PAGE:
"Full House" ended twenty years ago today (May 23), with a controversial finale involving Michelle Tanner temporarily losing her memory after a horse riding accident. It was an atypically serious story, with some of the signature silliness still surrounded the Tanner family, but under fairly heavy circumstances.
Now, we know that "Michelle Rides Again," the two-part finale, won't be our final Tanner family tale, what with "Fuller House" coming to Netflix next year. But let's think about the darkest timeline, the one where "Fuller House" doesn't exist, and the "Full House" finale stands as our last lingering memory of the super-sized San Francisco household. How did things end back then?
For one thing, DJ's love life was on the upswing. Throughout the episode, she wrestles with whether or not she should attend her senior year prom; she's romantically drained, after spending the year weighing the affections of two very different suitors, hard-rocking Viper and wealthy Nelson. Kimmy tries to help DJ secure a date, but the five different options she may or may not have "raided from a 'Star Trek' convention" don't exactly fit the bill, what with their hygiene issues and their lack of experience. (Only one of the five has ever attended a formal dance, albeit with a relative.)
Beyond the date, DJ decides it's best to sit out of her prom anyway, what with Michelle's amnesia looming large over her family. But even the memory-free Michelle convinces DJ that she shouldn't sit out of her prom; it's a once in a lifetime experience. DJ listens to her little sister and, with Kimmy and Aunt Becky's help, finds a dress and a date just in time for the big night — and her date is none other than Steve, absent from her life since the previous season finale. They share a big kiss in front of the whole family, and no one seems to mind. They're just happy that Steve's not raiding the fridge.
Michelle's responsible for bringing some love into Stephanie's life, too. Throughout the episode, Steph is preparing for a production of "Romeo + Juliet," set to play the female lead opposite her high school crush Andrew. But Andrew refuses to kiss her during rehearsals, and Michelle pinpoints why: Stephanie's lips are so chapped that they're like "two sun-dried gummy bears." Pretty harsh, but even Becky can't argue with Michelle's assessment.
Stephanie's situation gets even more awkward when Andrew comes over for rehearsal, and Michelle calls Steph out on her crush right in front of him. Steph angrily tells Michelle that she'll never forgive her, causing her to feel pretty guilty after Michelle's accident. But everything's okay in the end, because Andrew hearing about Steph's crush gives him the confidence to go in for a big, extended kiss. Looks like he has a thing for sun-dried gummy bears after all.
What about the three amigos? They band together to help jog Michelle's memory, with a rendition of "Teddy Bear" that would make Jimmy Fallon jealous. Joey is way ahead of his time when he comes up with a superhero identity for himself: The Masked Marvel. (In the "Full House" timeline, I'd like to think he's one of Earth's mightiest heroes. Who knows? There's always room for one more Avenger.) Jesse is so busy with managing the Smash Club, two bands and a new business that he's become a boring husband and father, and frankly, the episode doesn't have much resolution there. As for Danny, he has the roughest time of all; he becomes a bit of a daddy diva, pushing Michelle into the horseback riding competition so much that she goes rogue and has the accident that leads to her memory loss.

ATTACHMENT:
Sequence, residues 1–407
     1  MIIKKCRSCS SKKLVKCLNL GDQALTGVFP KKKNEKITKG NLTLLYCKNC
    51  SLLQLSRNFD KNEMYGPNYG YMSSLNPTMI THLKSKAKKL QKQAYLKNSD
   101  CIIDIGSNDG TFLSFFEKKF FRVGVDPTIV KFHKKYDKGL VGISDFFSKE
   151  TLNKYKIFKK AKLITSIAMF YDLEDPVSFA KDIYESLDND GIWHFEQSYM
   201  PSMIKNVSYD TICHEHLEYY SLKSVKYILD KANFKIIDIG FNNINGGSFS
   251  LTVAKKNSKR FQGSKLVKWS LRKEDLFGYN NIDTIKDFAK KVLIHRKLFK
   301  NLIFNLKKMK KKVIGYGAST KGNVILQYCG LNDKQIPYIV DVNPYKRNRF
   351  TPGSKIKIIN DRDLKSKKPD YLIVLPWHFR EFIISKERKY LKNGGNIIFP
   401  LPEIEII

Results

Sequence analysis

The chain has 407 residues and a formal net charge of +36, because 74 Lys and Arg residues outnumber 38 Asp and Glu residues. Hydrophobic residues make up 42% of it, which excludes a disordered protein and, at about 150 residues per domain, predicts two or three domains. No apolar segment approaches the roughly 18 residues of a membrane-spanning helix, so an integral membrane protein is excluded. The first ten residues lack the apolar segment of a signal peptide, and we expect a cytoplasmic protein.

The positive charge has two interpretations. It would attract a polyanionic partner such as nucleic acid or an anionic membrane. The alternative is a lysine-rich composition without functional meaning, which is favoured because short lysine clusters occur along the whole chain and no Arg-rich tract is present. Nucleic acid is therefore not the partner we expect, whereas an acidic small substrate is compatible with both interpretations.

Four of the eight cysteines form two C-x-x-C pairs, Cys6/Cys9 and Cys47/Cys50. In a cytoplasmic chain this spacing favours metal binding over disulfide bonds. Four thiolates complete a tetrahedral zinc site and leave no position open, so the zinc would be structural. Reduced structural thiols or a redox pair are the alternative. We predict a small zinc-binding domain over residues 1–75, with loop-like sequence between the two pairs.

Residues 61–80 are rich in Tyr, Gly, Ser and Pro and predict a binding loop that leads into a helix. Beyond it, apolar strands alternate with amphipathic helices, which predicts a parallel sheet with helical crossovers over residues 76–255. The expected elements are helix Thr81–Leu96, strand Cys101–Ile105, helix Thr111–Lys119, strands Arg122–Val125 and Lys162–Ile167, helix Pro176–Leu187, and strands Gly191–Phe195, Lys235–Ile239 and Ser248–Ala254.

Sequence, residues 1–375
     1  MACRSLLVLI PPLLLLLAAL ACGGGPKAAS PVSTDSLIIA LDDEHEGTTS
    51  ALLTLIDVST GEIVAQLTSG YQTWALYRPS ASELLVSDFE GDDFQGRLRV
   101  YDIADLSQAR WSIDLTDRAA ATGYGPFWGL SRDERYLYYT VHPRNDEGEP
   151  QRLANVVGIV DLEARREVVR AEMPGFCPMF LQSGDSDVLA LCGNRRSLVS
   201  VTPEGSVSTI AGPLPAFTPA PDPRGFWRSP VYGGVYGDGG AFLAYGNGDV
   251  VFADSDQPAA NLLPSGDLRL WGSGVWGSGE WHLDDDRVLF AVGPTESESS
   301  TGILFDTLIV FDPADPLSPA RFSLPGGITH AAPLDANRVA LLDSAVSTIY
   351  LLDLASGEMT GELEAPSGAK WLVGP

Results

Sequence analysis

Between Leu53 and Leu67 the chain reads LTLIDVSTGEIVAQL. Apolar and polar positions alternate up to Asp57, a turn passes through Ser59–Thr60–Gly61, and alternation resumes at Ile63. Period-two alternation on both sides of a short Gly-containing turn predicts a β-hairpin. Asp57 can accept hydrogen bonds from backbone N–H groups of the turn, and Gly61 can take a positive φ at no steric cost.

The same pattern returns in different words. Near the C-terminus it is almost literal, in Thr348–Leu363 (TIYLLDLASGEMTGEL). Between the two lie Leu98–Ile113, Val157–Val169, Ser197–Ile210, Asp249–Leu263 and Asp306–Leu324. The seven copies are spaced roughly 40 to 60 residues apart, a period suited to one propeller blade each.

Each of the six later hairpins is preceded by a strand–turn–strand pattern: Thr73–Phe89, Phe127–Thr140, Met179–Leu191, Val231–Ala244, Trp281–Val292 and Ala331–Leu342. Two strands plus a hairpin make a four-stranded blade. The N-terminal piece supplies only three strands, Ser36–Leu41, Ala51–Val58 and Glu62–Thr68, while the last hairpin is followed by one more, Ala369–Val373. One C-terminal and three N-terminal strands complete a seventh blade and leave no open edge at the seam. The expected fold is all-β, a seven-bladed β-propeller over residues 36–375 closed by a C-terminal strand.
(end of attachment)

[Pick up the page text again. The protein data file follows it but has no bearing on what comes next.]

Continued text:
As for Michelle, thankfully her memory returns in the form of, well, Michelle, as both Olsen twins share the screen and merge into one being. It's a magical moment, and makes you wonder if in this timeline, Michelle will grow up to join Joey as part of the Avengers.
Weirder things have happened.
So, if this is the final "Full House" episode ever, where do we leave things? Both DJ and Stephanie are lucky in love. Kimmy is, too, with Duane ("whatever") as her boyfriend and prom date. Everyone makes peace with Michelle after she recovers from her amnesia. It's a bit of a crucible for the Tanner family, but one they're able to survive with each other's help.
What will "Fuller House" look like in the world beyond "Michelle Rides Again," though? For one, DJ's happily ever after will take a dark turn; she doesn't marry Steve, but another man with the last name Fuller, and he, like her mother, dies prematurely, leaving her widowed and raising two kids with the help of her sister and Kimmy, who has a kid too. There's no sign of Michelle on the series, either — not yet, at least.
In other words, where "Full House" left the Tanner sisters on a fairly happy note, albeit through tough times, "Fuller House" looks like it's going to put them through the wringer, at least as far as the premise goes. But the final words of "Full House" should give you hope that everyone's going to be okay. In the closing moments of the show, Uncle Jesse explains to Michelle how they got through their latest crisis: "You were here, but it was like part of you was missing — so it was like part of US was missing. But we stuck it out and we got through it."
"Just like we always do," adds Joey.
"Just like we always will," says Danny.
As another great television patriarch would say: "So say we all."
"Fuller House" premieres next year.